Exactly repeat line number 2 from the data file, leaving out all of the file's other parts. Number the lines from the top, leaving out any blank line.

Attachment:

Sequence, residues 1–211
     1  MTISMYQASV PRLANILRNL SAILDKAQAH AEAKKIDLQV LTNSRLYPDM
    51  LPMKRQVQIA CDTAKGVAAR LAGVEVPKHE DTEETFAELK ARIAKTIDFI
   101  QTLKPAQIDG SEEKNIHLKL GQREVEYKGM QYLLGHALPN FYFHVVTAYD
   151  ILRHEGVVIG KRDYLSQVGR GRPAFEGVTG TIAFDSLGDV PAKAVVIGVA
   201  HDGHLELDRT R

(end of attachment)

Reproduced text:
     1  MTISMYQASV PRLANILRNL SAILDKAQAH AEAKKIDLQV LTNSRLYPDM